The ZIMBABWE Situation Our thoughts and prayers are with Zimbabwe
- may peace, truth and justice prevail.

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Daily News

      Mudede given 48hrs

      3/22/2003 5:01:35 AM (GMT +2)


      By Loveness Mlambo

      THE High Court yesterday gave Tobaiwa Mudede, the Registrar-General,
48 hours to release the Kuwadzana voters' roll for inspection.



      The roll must be released to Nelson Chamisa, the opposition MDC
candidate in next weekend's by-election. Justice Anele Matika ruled that
Chamisa should be allowed to exercise his right to inspect the voters' roll
within 48 hours of presenting himself to Mudede's office and to have a copy
of the voters' roll. Matika's order will also apply in the Highfield
by-election, which Pearson Mungofa of the MDC is contesting against Joseph
Chinotimba of Zanu PF. The polls are scheduled for 29 and 30 March. The
order, delivered yesterday, stated: "That Chamisa is entitled to inspect the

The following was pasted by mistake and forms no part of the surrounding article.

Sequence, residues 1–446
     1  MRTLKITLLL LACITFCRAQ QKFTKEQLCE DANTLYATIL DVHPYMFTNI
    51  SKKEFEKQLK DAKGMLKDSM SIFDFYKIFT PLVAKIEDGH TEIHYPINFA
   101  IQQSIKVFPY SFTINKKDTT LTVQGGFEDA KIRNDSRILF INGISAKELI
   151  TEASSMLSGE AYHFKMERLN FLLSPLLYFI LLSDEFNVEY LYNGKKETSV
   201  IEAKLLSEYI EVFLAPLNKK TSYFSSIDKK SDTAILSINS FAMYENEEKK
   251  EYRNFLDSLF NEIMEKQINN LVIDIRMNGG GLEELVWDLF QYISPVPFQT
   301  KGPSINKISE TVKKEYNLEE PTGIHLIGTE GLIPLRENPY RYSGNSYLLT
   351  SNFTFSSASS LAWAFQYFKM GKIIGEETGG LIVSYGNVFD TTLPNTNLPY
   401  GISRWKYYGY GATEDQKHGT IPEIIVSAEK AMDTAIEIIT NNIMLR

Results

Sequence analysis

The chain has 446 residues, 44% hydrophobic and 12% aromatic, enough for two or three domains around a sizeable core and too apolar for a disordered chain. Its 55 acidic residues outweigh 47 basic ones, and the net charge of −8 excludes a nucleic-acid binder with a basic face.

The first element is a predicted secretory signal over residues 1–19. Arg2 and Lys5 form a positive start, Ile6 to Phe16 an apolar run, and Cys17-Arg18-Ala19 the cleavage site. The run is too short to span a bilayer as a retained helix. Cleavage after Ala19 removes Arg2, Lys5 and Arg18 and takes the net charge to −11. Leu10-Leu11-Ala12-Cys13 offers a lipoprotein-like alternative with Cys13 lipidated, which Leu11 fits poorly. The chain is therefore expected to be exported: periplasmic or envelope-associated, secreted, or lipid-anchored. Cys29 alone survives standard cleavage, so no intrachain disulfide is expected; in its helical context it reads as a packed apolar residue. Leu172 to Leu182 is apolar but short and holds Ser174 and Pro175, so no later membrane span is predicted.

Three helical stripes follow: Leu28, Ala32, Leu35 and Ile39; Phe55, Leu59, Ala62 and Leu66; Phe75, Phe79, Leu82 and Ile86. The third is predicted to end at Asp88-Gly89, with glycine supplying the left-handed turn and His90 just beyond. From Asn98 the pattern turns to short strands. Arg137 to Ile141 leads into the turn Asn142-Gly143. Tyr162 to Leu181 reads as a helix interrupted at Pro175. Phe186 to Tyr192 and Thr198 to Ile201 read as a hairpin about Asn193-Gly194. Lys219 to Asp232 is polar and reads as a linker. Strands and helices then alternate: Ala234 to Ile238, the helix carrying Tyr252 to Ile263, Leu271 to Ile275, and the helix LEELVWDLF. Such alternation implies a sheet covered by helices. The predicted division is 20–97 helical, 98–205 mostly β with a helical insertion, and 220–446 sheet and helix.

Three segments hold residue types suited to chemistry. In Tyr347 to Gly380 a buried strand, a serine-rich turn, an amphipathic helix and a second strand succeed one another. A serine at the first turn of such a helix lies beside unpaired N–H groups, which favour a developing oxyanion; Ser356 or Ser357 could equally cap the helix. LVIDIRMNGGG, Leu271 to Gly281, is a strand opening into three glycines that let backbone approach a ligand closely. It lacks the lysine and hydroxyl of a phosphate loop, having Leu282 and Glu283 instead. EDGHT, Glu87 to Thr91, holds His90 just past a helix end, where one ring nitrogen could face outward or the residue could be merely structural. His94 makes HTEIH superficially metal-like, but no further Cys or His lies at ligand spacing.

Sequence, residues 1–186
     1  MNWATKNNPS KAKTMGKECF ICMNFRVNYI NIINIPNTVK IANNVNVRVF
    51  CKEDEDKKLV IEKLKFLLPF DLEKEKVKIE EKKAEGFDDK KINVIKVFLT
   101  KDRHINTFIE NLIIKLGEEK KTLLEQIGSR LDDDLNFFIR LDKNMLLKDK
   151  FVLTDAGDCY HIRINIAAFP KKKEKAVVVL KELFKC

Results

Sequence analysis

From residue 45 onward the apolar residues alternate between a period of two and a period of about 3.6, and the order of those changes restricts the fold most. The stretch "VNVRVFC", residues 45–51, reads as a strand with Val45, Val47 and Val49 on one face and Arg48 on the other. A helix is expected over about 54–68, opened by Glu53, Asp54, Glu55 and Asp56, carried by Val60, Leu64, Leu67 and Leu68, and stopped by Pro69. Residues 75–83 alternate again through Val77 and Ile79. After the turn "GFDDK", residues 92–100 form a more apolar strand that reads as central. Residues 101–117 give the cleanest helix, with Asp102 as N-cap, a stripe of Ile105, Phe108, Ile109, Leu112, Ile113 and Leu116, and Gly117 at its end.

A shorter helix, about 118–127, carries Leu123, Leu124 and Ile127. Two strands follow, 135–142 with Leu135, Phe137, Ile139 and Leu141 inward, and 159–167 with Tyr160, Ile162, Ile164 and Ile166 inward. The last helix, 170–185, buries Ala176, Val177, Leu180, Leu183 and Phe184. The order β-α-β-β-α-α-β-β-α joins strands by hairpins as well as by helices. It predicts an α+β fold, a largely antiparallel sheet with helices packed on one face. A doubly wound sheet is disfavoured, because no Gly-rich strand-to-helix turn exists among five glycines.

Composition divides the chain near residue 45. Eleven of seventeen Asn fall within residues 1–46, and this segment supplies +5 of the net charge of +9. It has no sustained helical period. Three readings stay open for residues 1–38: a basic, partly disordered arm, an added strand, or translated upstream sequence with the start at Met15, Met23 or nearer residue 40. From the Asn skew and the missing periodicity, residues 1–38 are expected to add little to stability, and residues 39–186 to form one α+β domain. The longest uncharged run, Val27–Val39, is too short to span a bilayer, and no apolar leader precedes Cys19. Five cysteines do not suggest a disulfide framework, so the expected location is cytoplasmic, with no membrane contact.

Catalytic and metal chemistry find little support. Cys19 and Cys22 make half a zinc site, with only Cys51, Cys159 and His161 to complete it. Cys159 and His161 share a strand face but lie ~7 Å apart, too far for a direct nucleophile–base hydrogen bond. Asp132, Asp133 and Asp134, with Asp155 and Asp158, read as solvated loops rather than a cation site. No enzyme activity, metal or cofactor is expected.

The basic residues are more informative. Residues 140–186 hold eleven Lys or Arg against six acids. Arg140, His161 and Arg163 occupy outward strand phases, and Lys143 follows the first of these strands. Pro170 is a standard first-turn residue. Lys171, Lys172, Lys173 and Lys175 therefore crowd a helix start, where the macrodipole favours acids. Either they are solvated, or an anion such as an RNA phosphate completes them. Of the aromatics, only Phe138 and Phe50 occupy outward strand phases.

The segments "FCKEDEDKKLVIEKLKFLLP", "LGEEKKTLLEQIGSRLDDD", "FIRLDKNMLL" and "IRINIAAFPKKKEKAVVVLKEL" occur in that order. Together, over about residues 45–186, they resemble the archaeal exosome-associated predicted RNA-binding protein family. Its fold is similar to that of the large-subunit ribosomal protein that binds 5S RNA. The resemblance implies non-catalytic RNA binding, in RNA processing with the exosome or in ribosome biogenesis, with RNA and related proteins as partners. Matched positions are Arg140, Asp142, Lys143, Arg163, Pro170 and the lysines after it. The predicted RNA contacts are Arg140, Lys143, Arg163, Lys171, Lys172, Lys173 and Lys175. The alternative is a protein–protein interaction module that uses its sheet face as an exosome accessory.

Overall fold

voters' roll for Kuwadzana and to make a copy or extract of the said voters'
roll.

      "That Mudede is to ensure that Chamisa exercises his right under
Section One within 48 hours of Chamisa presenting himself to Mudede's
offices." The judge said that his order shall not be suspended by the noting
of an appeal by Mudede and shall remain operative and in effect pending such
appeal. Last week Mudede filed papers in the High Court opposing Chamisa's
request for an updated voters' roll, saying Chamisa had the chance to
inspect it and had seen his name appearing on the roll. Demands for an
updated voters' roll were made after allegations from the MDC that there
were 10 000 ghost voters in Kuwadzana. Professor Welshman Ncube, the MDC
secretary-general, yesterday alleged that there were about 26 000 ghost
voters who have been registered in Kuwadzana and Highfield for the
by-elections scheduled to take place on 29 and 30 March.

      Ncube said the MDC took its own measures to check on the registered
voters in the constituencies after making frantic efforts to get an updated
voters' roll and discovered 10 000 ghost voters in Kuwadzana and 16 000 in
Highfield. Ncube said: "We are warning Mugabe that if they rig the Highfield
and Kuwadzana elections in the same way that they did the presidential and
Insiza elections, they should be prepared for mass action." Paul
Themba-Nyathi, the MDC spokesperson, said the party had done some sampling
from selected wards using the 2002 voters' roll and had also taken advantage
of the voters' roll inspection conducted in February to carry out its own